HOOTOLOGY PRESIDENT AND FOUNDER STEFANIE FRANCIS (Christine Catalano Photography)»
Hootology revolutionizes impact measurement of supplier diversity programs.
Few things are truly revolutionary. But every once in a while, a revolutionary endeavor makes its appearance indelible. From then on, you can’t unsee them as anything but that. Meet Hootology, a “modernized market research and consumer insights” firm. Using tomorrow’s technology today, founder Stefanie Francis and her intriguingly zany crew are revolutionizing the “art and science of business decision-making,” while having a lot of fun. And supplier diversity may be where their efforts have a most profound impact.
“We never set out to measure supplier diversity,” muses Francis. “We became certified through the National LGBT Chamber of Commerce and WBENC, but we typically work with Fortune 500 companies. After talking to Raul at a conference, we wanted to use our tools to help him.”
She refers to Raul Suarez-Rodriguez, Merck Associate Director of Global Economic Inclusion & Supplier Diversity. Celebrating his program’s 35th anniversary, he immediately recognized the impact Hootology could have on supplier diversity. “It’s never about the spend, it’s about making the spend count,” he explains. “Stefanie’s company empowers us to truly understand the impact of programs like mine. Their Supplier Diversity Impact Indicator (SDII) gives us a constructive indication of how consumers perceive our brand and commitment to diversity and supplier diversity. Stefanie helps us understand how consumers value those efforts.”
Examining the supplier diversity space, Francis and her team discovered some glaring measurement oddities. Though every corporation wants results, they often judge success by effort—two very different things.
“We got one of three answers when we asked about measurement: 1) We track awards; 2) We track spend; and 3) We do economic impact studies. There’s nothing wrong with any of those, but they don’t measure impact on the brand and bottom line,” she shares. “Awards are given for a variety of reasons. Economic impact studies measure financial external impacts. And the spend is antithetical to the general philosophy of a company, which is to spend less. That’s when the light bulb went off in us. We wanted to arm supplier diversity professionals with a whole range of information to further their conversation internally, help them create a data-driven strategy, and most important, prove the business case for supplier diversity.”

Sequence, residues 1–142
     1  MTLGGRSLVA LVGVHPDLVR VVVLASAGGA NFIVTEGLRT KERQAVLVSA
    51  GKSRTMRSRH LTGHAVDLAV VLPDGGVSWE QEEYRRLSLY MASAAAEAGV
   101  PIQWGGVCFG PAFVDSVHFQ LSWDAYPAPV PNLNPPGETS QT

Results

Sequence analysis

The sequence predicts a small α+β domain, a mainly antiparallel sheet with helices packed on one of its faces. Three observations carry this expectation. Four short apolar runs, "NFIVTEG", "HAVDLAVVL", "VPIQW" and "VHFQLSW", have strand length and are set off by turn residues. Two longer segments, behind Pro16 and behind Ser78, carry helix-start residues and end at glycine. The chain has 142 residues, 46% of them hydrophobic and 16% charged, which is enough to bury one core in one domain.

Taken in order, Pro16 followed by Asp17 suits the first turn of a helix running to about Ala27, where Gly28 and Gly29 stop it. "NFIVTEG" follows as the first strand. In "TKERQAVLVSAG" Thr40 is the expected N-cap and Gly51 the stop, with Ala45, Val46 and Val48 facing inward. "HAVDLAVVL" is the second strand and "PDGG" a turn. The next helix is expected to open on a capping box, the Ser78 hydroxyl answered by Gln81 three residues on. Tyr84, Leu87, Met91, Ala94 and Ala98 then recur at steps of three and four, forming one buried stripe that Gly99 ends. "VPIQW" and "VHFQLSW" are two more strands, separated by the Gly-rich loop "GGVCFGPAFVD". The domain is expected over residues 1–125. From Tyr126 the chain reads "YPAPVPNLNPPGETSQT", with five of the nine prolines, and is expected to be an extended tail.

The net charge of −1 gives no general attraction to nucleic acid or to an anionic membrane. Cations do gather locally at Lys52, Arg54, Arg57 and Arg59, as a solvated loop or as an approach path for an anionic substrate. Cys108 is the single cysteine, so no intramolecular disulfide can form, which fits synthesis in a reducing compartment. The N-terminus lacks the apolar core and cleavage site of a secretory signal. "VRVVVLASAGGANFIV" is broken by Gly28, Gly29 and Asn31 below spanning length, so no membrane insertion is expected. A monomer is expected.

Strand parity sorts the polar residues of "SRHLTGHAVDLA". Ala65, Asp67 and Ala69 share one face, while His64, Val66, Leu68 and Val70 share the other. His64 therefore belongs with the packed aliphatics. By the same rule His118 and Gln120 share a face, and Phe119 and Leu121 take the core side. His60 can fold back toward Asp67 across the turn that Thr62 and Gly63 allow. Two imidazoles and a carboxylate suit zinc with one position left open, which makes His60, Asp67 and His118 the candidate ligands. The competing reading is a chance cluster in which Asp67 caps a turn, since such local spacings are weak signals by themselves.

Using the SDII—a Hootology-designed tool that measures the awareness and impact of a brand’s supplier diversity initiative on key purchase metrics—the team worked their magic. But with Merck and the pharmaceutical industry, things were a little different.
“Typically, Merck and other pharma manufacturers don’t put products before the consumer directly. But that’s why it was so forward thinking of Raul to include Merck, as there’s still so much information in the SDII to help his team,” she says.
Suarez-Rodriguez agrees. “The public perception of Merck reverberates in a lot of other areas, from politics to investment. Another thing Stefanie and Hootology did was a study for the Pharma Forum that was invaluable.”
Francis gives an example of the SDII’s depth. The graphic, “SDII Merck Image—Bridge Metrics,” illustrates that once people are aware of Merck’s initiatives, they are much more likely to perceive Merck as a company that values diversity.
Francis adds another key data point from their findings. “Only 4% of the United States is aware of supplier diversity. But every 1% increase in awareness means 2.5 million more people. We can isolate the impact for each brand and the approximate number of people who will think more favorably of each brand. The good news from the study is that fully 60% of the U.S. thinks it’s important that corporations value diversity.” Hootology also launched a product for new and smaller companies to provide them access to quality information for more effective, strategic decisions, particularly to attract investment.
In the Pharma Forum study Suarez-Rodriguez praised, Hootology examined the pharmaceutical industry using AIFG, a more customized, qualitative approach that boasts artificial intelligence. Broader and absolutely fascinating, Hootology conducted the study virtually (to quintuple the sample size) and utilized the artificial intelligence component to perform conjoint analysis on qualitative data.
According to Suarez-Rodriguez, that kind of synthesis of tools, thought, and approach sets Hootology apart. “They’re elevating the conversation and our profession. They’re enhancing the business case for diversity. With this information, decisions can be made differently. Knowing the data points and research allows us to perceive and think differently.”
That’s exactly what Francis is going for. “We believe so strongly in supplier diversity. We want to see it grow. If all corporations can justify their impact with data, that will create more internal buy-in, more C-suite support, and more money for supplier diversity budgets and organizations like WBENC, NMSDC, and NGLCC. Supplier diversity is only going to grow. It has a huge runway for massive, massive growth and we want to support that.”
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